The following image is a frame capture from an auto-rotoscoped paint animation. This post will take a look at the various components used to build this vibrant paint animation styling.
The paint action sequence below was used to build the auto-roroscoped paint animation shown above.
Four different paint synthesizer presets are used to build the various components of the paint animation style used in this animation. The gallery below shows the 4 AutoPaint action step outputs in order, starting with a white canvas so you can better see what the individual action steps are doing.
The first image in the gallery shows the output of the thick edge sketch paint preset. Note that it paints in an edge scan of the source image with a highly saturated flat color paint.
The second image shows the output of the polar spread paint preset. This action step works to spread out the existing painted canvas with a radially spreading patterning (so it pushes from the center out to the edges of the canvas).
The third image shows the output of the vec sketch paint preset. This paint preset paints in an abstracted series of shapes near the features of the source image, again using highly saturated paint colors.
The 4th image shows the output of the fine sketch paint preset. A small brush size is used along with paint synthesizer settings that force the paint strokes to focus on edge and high texture areas of the source image. Note that a lighter paint coloring is used for this tight feature painting pass so it stands out from the underlying highly saturated paint strokes.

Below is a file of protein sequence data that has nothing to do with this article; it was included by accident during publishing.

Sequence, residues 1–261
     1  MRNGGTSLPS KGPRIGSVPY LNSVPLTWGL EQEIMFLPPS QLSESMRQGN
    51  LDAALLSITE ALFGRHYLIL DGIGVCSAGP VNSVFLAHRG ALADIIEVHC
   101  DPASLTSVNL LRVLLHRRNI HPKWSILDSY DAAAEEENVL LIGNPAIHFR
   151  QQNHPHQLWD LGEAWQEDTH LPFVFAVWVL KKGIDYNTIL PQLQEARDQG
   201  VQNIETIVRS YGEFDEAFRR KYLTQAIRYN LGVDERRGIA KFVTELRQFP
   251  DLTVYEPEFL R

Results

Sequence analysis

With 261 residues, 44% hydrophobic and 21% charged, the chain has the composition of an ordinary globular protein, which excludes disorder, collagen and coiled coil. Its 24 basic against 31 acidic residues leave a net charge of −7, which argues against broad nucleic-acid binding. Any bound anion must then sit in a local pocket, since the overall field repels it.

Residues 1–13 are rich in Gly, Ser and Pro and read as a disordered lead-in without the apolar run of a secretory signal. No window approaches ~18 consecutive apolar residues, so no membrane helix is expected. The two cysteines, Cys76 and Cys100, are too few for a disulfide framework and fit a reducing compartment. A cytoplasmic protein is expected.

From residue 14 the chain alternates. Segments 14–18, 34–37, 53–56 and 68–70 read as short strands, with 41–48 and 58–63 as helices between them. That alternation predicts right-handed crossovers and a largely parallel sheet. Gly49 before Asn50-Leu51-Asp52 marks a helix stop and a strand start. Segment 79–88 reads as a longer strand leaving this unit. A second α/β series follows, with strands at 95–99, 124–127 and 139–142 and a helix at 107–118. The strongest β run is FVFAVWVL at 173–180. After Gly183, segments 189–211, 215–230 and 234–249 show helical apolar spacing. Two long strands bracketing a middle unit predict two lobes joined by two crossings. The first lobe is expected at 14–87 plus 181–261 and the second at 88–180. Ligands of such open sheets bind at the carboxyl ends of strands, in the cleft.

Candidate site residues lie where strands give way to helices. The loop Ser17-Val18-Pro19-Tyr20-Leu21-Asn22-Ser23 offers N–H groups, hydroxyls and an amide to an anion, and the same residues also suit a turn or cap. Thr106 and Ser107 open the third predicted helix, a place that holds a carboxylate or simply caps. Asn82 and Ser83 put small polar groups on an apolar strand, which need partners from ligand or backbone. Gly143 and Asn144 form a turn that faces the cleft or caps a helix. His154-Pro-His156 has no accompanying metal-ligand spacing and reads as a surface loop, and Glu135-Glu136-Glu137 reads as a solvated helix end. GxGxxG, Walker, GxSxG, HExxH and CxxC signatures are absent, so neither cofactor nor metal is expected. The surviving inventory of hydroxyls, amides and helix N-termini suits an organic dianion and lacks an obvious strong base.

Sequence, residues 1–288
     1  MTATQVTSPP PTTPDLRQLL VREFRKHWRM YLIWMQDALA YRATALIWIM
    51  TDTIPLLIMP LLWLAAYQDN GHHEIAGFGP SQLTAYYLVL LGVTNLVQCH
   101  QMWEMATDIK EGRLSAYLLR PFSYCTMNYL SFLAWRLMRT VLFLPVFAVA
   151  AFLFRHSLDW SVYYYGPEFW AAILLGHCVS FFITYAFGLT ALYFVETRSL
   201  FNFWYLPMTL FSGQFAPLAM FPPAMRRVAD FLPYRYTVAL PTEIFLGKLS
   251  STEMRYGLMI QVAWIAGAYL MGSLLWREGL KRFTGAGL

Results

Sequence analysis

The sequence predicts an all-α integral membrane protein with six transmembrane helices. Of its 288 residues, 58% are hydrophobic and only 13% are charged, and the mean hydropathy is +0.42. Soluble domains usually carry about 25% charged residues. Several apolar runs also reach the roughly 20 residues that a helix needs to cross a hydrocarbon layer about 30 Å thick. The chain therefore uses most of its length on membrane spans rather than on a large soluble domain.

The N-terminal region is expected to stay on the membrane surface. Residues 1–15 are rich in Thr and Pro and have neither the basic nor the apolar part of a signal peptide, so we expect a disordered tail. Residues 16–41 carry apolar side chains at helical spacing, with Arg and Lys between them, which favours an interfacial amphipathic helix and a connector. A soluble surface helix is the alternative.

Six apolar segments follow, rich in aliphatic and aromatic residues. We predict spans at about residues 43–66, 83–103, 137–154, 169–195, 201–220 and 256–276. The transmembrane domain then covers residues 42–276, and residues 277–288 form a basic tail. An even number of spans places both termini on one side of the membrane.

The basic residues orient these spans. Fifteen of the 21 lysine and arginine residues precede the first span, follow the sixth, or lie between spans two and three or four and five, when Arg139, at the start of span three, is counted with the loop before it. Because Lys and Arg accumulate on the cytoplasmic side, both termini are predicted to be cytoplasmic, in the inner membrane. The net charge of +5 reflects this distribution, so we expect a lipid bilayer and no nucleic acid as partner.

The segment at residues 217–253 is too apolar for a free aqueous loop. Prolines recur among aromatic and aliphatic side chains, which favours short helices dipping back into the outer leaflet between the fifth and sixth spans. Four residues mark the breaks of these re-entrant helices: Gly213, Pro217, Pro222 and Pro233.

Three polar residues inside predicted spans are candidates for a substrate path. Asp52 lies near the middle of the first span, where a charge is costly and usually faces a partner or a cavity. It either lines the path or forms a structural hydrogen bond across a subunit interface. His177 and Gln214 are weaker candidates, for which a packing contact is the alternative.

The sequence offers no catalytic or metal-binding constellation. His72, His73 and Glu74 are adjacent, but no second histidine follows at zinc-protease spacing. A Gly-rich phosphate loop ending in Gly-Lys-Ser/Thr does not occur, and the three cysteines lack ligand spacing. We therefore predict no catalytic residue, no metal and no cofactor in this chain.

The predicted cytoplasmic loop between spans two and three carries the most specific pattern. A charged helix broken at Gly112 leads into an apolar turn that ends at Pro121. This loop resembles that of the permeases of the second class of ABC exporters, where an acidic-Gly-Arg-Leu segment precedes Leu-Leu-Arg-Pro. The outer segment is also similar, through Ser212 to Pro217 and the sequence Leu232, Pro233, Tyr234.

The very first action step is using the Color Simplify image operation to initially set the canvas to a flat color cartoon representation of the source image. Note that this action step is muted starting at the second keyframe, so this step will only run for the first frame of the animation. We do this so that the first animation frame is filled with color.
The polar canvas spreading and overdrawing that occurs in the PASeq will quickly fill in over the initial flat color rendition used to start off the background of the first frame of the animation. The recursive nature of the two step modify the existing canvas via spreading and the overpainting on top of the modified canvas actions works to build the sensation of paint flow spreading out over time in the animation. This 2 step process also builds temporal continuity into the finished animation, leading to reduced perceived flicker in the final animation (as opposed to if we had erased the canvas and then fully painted in each new output frame).
The last 2 action steps use the versatile blur image operation effect, configured to provide a high pass feature boost from the source image to the painted canvas. This is a trick that you can use to add a boost to the source feature rendition of any abstracted paint style. Like all enhancement operations, a little bit goes a long way, so don’t overdo it.
The complete paint animation discussed above can be seen here.